Percolation theory deals with the connectivity of components in a system. First applied by Hammersley in the 1950s , an excellent introduction is provided by Stauffer and Aharony . The microstructure of cement-based materials provides numerous examples of percolation phenomena . Often in percolation studies, one is interested in the fraction of a phase (or phases) which is connected across the microstructure as a function of the total volume fraction of the phase. For example, as first noted by Powers based on observing a significant (sudden) reduction in permeability , the capillary porosity in cement paste exhibits a percolation transition (from connected to disconnected) at a volume fraction of about 20 % porosity, as further verified by computer simulations  and measurements of water imbibition during chemical shrinkage [29,30]. This transition is relatively independent of w/c ratio, but does depend somewhat on the particle size distribution of the cement . The setting of cement pastes, mortars, and concretes, illustrates the percolation of the total solids, as the individual cement particles become bonded one to another by hydration products, leading to the formation of a percolated backbone and the strength development of the material. Other phases in the cement paste such as the calcium hydroxide and C-S-H gel also exhibit percolation thresholds .
Once the capillary porosity depercolates, the permeability of the system is greatly reduced. In most cement pastes (w/c <=0.5), after 28 days or so, the permeability would be sufficiently low that any water vapor formed at elevated temperatures would have difficulty in escaping from the system. However, in mortars and concretes, another percolation phenomena comes into play, the percolation of the ITZ regions . Because the ITZ regions have a substantially larger w/c ratio than the bulk paste, they typically have a much greater (2 times to 3 times) capillary porosity. Thus, if the capillary porosity in the individual ITZs remains percolated and the ITZs themselves are percolated, a convenient escape route for the "steam" generated during fire exposure might exist. The percolation properties of these ITZ regions are conveniently studied using a hard core/soft shell (HCSS) percolation model , the implementation details of which will be discussed in detail in the next section of this paper. Briefly, each aggregate particle is viewed as an impenetrable hard core, surrounded by a concentric soft shell (ITZ), which may overlap other soft shells or portions of other hard core particles.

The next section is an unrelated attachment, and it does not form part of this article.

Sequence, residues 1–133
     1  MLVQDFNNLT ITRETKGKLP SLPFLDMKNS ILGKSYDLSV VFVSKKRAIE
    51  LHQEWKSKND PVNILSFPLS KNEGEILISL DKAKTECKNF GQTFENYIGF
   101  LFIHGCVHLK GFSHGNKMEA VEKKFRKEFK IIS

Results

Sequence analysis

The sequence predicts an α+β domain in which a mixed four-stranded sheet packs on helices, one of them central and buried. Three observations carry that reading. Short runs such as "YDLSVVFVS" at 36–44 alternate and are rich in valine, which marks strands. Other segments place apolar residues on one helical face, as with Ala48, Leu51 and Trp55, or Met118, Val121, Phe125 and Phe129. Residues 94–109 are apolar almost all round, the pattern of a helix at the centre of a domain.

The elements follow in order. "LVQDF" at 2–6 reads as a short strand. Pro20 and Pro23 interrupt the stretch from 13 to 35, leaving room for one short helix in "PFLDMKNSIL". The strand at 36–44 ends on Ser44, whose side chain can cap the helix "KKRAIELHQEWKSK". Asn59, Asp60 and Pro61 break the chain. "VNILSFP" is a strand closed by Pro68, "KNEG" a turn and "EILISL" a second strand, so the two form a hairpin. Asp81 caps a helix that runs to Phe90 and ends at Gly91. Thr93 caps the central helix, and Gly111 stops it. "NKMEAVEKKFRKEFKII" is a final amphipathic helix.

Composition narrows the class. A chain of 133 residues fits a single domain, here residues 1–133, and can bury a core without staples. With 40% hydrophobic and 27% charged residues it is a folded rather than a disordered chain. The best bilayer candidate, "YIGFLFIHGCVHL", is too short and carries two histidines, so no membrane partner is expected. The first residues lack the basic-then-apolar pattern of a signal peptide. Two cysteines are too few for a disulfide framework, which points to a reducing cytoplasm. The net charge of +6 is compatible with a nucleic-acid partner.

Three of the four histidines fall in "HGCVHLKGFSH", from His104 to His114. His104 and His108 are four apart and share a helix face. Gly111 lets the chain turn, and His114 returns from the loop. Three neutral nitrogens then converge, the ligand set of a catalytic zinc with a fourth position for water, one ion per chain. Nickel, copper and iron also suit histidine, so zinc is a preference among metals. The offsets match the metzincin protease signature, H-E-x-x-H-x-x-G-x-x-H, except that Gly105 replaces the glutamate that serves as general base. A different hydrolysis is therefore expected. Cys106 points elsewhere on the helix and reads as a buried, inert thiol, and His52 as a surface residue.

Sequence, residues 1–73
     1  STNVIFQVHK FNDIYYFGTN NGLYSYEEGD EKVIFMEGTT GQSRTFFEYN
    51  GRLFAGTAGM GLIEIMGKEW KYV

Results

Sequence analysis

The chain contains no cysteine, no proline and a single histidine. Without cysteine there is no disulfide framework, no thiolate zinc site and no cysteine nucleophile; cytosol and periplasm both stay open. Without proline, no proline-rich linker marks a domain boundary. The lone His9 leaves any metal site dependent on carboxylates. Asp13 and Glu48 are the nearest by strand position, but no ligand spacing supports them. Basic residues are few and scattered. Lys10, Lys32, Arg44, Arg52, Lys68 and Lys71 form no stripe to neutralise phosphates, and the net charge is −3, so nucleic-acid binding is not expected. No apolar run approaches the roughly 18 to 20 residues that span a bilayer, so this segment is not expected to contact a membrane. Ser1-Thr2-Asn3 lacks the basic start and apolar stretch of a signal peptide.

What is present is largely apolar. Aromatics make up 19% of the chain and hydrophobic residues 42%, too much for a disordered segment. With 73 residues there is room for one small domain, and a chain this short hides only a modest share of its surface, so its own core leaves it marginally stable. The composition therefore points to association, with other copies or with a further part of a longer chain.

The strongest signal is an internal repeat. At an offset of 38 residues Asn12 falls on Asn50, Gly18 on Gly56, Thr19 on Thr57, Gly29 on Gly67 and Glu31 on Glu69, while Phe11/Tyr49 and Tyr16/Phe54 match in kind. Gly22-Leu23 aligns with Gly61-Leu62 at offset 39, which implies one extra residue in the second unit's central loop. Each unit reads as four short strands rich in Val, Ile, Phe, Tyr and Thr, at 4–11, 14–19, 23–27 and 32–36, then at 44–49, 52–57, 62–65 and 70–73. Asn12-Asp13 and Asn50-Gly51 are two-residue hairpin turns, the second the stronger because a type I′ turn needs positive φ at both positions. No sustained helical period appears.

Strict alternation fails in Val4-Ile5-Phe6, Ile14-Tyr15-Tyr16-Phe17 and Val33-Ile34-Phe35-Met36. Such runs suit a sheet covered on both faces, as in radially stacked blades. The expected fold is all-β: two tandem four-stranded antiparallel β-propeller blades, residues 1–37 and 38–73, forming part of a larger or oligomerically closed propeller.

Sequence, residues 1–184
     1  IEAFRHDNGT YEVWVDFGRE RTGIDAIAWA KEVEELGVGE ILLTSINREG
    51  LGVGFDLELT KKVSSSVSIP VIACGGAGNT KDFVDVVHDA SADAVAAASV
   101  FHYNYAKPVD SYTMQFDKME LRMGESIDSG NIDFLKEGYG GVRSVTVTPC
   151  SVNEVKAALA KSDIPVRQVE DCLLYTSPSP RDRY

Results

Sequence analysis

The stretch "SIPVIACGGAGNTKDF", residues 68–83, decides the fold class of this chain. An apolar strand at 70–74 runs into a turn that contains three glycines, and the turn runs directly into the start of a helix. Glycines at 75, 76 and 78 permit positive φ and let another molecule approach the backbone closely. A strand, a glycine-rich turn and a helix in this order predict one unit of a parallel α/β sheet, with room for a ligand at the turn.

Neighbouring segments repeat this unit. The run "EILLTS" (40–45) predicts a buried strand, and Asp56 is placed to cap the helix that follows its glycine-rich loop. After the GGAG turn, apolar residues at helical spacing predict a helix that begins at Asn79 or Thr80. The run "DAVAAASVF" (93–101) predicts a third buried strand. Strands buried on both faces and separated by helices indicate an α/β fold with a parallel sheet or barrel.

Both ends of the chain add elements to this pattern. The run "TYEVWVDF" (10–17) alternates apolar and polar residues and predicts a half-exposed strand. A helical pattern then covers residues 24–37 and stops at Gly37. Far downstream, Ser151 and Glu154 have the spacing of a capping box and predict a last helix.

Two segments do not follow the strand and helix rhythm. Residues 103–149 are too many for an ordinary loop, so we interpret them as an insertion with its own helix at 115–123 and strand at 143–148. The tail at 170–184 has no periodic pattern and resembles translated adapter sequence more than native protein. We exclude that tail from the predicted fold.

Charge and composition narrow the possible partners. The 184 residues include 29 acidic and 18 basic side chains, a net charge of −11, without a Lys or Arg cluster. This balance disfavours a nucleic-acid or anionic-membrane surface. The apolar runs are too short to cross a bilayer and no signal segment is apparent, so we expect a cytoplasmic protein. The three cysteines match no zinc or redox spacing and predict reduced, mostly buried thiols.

Figure 1 illustrates this HCSS model in two dimensions. In the upper left figure, the hard core aggregate particles are each surrounded by an ITZ region, but the ITZ regions do not percolate across the system. In the upper right figure, the thickness of each ITZ region has been increased, such that percolation from top to bottom is achieved. In the lower left figure, conversely, percolation has been achieved by adding more hard core/soft shell particles. Finally, in the lower right figure, percolation is achieved by the addition of just a few fibers to the system. From this simple illustration, one can clearly see the potential efficiency of fibers in percolating the ITZ regions in an originally non-percolated concrete. The percolation aspects of totally overlapping ellipsoids of revolution (a convenient geometrical representation of a fiber) have been simulated in detail by Garboczi et al. , who observed that for fibers with a 50:1 aspect ratio, approximately 1.5 % by volume would be required to form a percolated pathway across a 3-D microstructure. For aspect ratios of 100:1 and 200:1, this volume fraction is reduced to about 0.7 % and 0.3 %, respectively, suggesting that longer fibers should be more efficient in causing percolation of non-percolated systems. This is in agreement with the rapid chloride permeability measurements of Toutangi et al. who, for concretes containing equal volume fractions of fibers, measured greater permeabilities for the systems containing longer (19 mm vs. 12.5 mm) fibers .